Peter Spotts of the Christian Science Monitor has a helpful overview of the ongoing talks over an international climate treaty to succeed the Kyoto Protocol, which will culminate in the Copenhagen negotiations this December. First, a quick recap of what the main goals are, as envisioned by Yvo de Boer, the executive secretary of the UN Framework Convention on Climate Change:
How would he define success at December’s meeting? First, an agreement must be clear about how much industrial countries aim to reduce greenhouse-gas emissions by 2020, Mr. de Boer said.
Then, it must be clear on what major developing countries—China, India, Mexico, Brazil, and South Africa—will do to limit the growth of their emissions. It must be clear about providing stable and predictable sources of money for adaptation measures in the developing world and for aid in buying the green technologies that will help those countries meet their emissions goals. And it must be clear on how the financial institutions that provide that money will be governed.
One of the big sticking points right now is how much developed countries will actually reduce their emissions. In talks at Bali last year, the industrial countries—save for the United States—proposed to cut greenhouse-gas emissions 25 to 40 percent below 1990 levels by 2020. So how's that shaping up now?
The energy legislation that cleared the US House Energy and Commerce Committee last month would reduce emissions anywhere from1 percent below 1990 levels to 23 percent below, depending on how aggressively some of its provisions are used, according to calculations by the World Resources Institute in Washington.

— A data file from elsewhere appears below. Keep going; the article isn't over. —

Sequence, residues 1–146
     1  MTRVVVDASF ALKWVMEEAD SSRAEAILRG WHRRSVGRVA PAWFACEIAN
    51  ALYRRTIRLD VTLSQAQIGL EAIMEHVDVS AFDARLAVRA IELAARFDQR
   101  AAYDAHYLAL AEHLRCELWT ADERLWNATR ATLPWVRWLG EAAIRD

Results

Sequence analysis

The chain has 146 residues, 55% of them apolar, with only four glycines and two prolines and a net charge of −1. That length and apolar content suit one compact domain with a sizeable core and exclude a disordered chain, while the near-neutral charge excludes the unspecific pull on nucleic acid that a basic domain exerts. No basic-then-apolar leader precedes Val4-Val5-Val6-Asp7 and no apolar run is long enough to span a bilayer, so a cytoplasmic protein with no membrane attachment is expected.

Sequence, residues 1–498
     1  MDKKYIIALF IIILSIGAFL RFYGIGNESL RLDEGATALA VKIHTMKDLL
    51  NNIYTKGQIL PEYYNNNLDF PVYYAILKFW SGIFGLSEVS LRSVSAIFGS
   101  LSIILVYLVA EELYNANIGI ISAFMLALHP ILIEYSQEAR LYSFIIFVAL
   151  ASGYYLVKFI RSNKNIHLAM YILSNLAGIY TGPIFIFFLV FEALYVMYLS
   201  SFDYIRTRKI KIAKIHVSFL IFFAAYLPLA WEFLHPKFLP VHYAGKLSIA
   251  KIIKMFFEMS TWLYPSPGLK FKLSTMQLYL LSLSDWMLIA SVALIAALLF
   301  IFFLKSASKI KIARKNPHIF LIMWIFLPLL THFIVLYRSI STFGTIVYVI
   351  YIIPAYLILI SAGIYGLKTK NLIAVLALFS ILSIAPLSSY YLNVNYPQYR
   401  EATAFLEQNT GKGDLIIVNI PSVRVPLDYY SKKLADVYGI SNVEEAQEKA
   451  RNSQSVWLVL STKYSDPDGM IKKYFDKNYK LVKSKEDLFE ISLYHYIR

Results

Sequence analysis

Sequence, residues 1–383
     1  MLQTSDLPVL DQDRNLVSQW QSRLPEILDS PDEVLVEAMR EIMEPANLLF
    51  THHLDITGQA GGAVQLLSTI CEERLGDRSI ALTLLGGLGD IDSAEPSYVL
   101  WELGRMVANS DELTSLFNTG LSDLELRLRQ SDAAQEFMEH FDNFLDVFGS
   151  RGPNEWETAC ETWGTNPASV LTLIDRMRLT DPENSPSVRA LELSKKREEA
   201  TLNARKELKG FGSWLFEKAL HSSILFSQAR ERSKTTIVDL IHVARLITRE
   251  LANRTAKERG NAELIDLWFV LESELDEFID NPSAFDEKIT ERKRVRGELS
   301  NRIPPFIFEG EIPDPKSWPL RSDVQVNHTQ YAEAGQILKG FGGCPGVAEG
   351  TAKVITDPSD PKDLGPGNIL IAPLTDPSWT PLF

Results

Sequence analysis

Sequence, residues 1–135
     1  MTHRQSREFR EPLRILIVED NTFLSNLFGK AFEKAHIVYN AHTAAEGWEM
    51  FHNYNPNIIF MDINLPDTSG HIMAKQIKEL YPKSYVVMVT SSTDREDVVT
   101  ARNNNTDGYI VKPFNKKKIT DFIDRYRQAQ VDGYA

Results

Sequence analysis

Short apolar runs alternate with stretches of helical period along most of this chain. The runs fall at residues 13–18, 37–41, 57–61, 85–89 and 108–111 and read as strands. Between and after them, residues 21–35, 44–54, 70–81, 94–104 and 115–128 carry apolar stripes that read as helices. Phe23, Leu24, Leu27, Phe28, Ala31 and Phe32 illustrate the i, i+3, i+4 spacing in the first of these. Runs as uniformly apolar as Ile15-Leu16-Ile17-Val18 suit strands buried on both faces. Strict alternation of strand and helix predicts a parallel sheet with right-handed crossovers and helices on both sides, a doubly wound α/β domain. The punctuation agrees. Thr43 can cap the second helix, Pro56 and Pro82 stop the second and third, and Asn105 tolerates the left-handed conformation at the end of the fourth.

By contrast, Europe aims to reduce emissions to 20 percent below 1990 levels by 2020 and would sweeten the pot by dropping emissions to 30 percent of 1990 levels if other industrial nations took on aggressive 2020 targets.
Japan is currently weighing its 2020 targets, with proposals ranging from 4 percent above 1990 levels to 25 percent below 1990, Mr. Meyer says. And Australia is reportedly shooting for 25 percent if several conditions are met.
Developed countries are hovering around the recommended targets, but there's a lot of uncertainty still. Ultimately, the wealthy industrial countries are unlikely to clamp down further unless they approve of whatever action developing countries agree to take. And that's a real question mark.
There's zero chance that fast-growing countries like China or India will agree to mandatory reductions in the next decade. They argue that, as a matter of fairness, wealthy countries should cut first, giving poorer countries time to catch up. But developing countries can agree to promote clean-energy projects, ratchet up efficiency standards, and pursue technologies like carbon-capture for coal plants, while reducing their overall carbon intensity in a measurable way. China, for one, is set to surpass its goal of a 20-percent reduction in carbon intensity by 2010 and is reportedly contemplating an 80 percent in carbon-intensity reduction by 2020. This would slow down emissions growth, but not reverse it.
Ideally, these countries would then get on path to implement actual cuts in emissions starting around 2025. According to Climate Progress, Carnegie's Bill Chandler has said that a hard cap could be possible in China by then—a scenario China's Energy Research Institute has been studying seriously. One factor here, as several China experts have told me, is that China is worried about a potential trade war with the EU and United States if it doesn't get serious about reducing emissions. Remember, the Waxman-Markey climate bill gives the White House authority, by 2025, to impose carbon tariffs on countries that aren't complying with global agreements—a touchy subject, but a real part of the dynamic here.